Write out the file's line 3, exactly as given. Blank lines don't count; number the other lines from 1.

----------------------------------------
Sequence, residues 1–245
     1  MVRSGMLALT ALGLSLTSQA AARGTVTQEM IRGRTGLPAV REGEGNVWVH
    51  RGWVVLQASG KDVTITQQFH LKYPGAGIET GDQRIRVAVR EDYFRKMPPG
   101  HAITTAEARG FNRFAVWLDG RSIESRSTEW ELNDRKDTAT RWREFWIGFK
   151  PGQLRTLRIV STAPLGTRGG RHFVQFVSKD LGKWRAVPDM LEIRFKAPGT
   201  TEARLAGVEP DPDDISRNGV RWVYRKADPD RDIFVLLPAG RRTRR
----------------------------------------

    51  RGWVVLQASG KDVTITQQFH LKYPGAGIET GDQRIRVAVR EDYFRKMPPG